Do Superheroes Model Damaging Gender Roles to Kids?

Boy dressed as a superhero.
Young boys who watch superhero TV shows may be more prone to gender-stereotyped play. (Image credit: Rob Hainer | Shutterstock)

Watching TV shows with Iron Man or the Hulk might make little boys more prone to gender-stereotyped play and make both boys and girls more likely to play with pretend weapons, new research finds.

Preschoolers exposed to more superheroes showed these patterns of play even when parents made a point of talking with them about their media consumption, the study found.

"These type of programs may be contributing to what I call the hypermasculinization of American society," said study researcher Sarah Coyne, a professor of family life at Brigham Young University. This hypermasculinization celebrates tough, aggressive behavior and tells boys to quash their emotions, Coyne told Live Science. [Busted: 6 Gender Myths in the Bedroom & Beyond]

But parents shouldn't necessarily ban Batman yet. Teasing out the effect of media on behavior can be tricky, warned Chris Ferguson. The psychologist, who is at Stetson University in Florida, specializes in media violence and was not involved in the study.

"There's no evidence here that it's a public issue, that it's something that impacts, in a more broad sense, our behavior or mental well-being," Ferguson said of superhero shows.

Superheroes go dark

Coyne was in the midst of researching the influence that Disney princesses have on preschool girls when she decided to take a closer look at the type of media boys commonly consume.

"You can't get away from superhero culture at the preschool age," she said. "They just love it. It's at every birthday party."

Superheroes, even the female ones, tend to conform to traditional masculine stereotypes. They're muscular, bold, strong and aggressive. Recent reboots, like the 2008 Batman flick "The Dark Knight," take the genre into particularly dark, gritty territory.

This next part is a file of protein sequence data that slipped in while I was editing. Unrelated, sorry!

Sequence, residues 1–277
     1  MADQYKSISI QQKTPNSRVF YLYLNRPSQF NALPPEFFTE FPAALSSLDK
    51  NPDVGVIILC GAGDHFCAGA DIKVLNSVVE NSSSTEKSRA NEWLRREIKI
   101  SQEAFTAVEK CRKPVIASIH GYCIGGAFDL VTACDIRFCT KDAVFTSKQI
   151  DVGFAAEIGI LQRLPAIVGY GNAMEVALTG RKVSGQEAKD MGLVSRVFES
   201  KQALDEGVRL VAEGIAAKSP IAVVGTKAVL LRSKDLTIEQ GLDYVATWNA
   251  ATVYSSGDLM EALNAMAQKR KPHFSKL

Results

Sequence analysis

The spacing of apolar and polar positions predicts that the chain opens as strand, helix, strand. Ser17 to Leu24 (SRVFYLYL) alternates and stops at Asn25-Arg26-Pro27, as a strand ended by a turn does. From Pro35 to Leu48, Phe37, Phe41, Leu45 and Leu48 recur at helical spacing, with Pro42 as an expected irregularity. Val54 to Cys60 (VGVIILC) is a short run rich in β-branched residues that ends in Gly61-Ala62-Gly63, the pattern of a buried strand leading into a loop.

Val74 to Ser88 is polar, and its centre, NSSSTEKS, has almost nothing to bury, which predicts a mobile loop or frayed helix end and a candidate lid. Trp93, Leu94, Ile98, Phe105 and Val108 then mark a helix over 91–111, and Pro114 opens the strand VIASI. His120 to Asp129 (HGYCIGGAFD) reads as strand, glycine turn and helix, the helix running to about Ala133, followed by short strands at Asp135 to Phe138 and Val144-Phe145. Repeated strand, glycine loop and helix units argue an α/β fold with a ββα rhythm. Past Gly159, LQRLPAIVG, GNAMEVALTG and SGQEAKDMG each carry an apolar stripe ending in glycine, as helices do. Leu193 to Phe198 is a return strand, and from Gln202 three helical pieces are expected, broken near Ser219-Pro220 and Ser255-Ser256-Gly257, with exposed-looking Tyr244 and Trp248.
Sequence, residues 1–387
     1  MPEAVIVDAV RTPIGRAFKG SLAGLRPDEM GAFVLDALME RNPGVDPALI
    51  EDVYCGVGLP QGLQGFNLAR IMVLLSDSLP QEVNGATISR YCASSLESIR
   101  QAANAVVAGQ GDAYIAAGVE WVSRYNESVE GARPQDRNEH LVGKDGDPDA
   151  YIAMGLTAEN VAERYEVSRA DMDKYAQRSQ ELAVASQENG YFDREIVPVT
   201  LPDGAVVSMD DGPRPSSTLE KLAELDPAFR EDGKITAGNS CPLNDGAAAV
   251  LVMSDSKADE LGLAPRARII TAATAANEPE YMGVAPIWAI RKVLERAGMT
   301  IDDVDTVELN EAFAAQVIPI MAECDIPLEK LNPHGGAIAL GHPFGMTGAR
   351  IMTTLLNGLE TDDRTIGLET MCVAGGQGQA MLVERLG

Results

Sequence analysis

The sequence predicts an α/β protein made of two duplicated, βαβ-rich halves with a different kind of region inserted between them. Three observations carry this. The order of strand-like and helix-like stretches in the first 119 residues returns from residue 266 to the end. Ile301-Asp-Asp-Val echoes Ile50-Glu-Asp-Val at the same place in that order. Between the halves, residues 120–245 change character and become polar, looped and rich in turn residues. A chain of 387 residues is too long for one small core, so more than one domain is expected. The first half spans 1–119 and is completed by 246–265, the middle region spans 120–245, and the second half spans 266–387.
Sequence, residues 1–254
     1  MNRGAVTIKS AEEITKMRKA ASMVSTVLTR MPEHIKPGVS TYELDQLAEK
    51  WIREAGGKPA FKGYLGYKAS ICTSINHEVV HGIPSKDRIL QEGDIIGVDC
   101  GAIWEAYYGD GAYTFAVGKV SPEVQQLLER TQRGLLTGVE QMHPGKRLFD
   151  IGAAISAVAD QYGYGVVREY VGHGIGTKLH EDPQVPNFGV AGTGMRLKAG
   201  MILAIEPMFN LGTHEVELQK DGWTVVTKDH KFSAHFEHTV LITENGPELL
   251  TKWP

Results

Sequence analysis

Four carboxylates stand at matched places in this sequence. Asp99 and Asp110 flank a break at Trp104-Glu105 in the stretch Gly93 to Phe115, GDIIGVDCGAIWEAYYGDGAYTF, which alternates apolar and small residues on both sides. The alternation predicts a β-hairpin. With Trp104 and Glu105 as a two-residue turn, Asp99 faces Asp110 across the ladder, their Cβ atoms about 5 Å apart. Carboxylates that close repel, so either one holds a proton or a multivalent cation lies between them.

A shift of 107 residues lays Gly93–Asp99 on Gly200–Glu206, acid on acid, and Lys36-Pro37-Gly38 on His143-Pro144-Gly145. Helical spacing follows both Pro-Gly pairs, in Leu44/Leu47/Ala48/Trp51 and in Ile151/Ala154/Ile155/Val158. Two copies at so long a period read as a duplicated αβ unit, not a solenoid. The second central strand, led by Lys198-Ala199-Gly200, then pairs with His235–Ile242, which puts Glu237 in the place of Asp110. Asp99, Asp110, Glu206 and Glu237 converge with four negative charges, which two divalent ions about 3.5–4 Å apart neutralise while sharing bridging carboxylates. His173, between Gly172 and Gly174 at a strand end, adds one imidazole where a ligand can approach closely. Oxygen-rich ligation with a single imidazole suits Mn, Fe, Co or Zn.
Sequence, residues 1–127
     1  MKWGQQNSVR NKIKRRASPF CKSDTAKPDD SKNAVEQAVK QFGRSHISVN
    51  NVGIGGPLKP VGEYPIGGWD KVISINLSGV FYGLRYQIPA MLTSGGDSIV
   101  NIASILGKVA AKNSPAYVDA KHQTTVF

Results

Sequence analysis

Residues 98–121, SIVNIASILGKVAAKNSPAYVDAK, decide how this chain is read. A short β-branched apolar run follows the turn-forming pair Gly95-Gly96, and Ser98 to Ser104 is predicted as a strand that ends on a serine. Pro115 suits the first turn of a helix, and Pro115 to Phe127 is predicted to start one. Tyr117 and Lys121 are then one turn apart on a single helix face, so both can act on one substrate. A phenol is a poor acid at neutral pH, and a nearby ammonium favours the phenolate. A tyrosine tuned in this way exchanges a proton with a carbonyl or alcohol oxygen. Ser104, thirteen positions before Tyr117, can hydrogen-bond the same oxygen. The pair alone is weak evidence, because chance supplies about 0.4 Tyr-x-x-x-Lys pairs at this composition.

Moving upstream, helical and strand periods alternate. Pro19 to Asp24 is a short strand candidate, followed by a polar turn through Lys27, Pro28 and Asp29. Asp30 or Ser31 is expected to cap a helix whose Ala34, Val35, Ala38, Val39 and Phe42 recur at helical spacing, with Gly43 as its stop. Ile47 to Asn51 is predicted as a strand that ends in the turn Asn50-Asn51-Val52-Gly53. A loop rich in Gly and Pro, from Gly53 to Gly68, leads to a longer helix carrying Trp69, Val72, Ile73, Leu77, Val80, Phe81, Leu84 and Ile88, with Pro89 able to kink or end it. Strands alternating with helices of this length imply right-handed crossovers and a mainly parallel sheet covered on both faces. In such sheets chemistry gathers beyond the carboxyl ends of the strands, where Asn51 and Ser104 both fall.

Despite the PG-13 rating for that movie, the publicity around "The Dark Knight" included marketing geared for kids, said Mark Tappan, a professor of education at Colby College in Maine. Tappan, the co-author of "Packaging Boyhood: Saving Our Sons from Superheroes, Slackers, and Other Media Stereotypes" (St. Martin's Press, 2009) was not involved in Coyne's work.

Mattel developed a line of Dark Knight action figures, Tappan said, and Batman toys were sold with kids' meals at fast-food restaurants as part of the movie tie-in.

To investigate whether superheroes influence young children, Coyne recruited 134 parents (mostly moms) to fill out surveys about their 3- to 6-year-olds' superhero show and movie viewing habits, as well as patterns of play. A year later, she approached the same parents and asked them to answer the same set of questions. One hundred and five completed the follow-up.

Kids and superheroes

Overall, little boys were more likely than girls to view superhero shows and movies, though they varied considerably. About 20 percent of the boys never watched superhero media, while 20 percent watched it once a week or more. The rest of the boys fell in between.

In contrast, almost half of little girls had seen superhero shows or movies only once or never, and only 2 percent watched superhero media once a week or more.

Boys who watched more superhero media had higher rates of playing with pretend weapons, as well as higher rates of playing in stereotypically male ways (play wrestling, for example, versus playing dress-up). This was true even after the researchers controlled for the level of boyish play at the first time point, showing that increased levels of boyish play followed after watching more superhero shows. The researchers also controlled for television violence exposure in general.

Superheroes didn't influence girls' levels of gendered play, but did make them more likely to play with weapons, the researchers reported online May 8 in the journal Sex Roles.

Coyne and her colleagues also asked parents whether they frequently talked to their kids about the things they saw in movies and on television. Surprisingly, the kids who got these lectures frequently were no less likely to play with weapons or to play in gender-stereotyped ways than kids who didn't. For girls, parental chats even strengthened the likelihood they would play with weapons.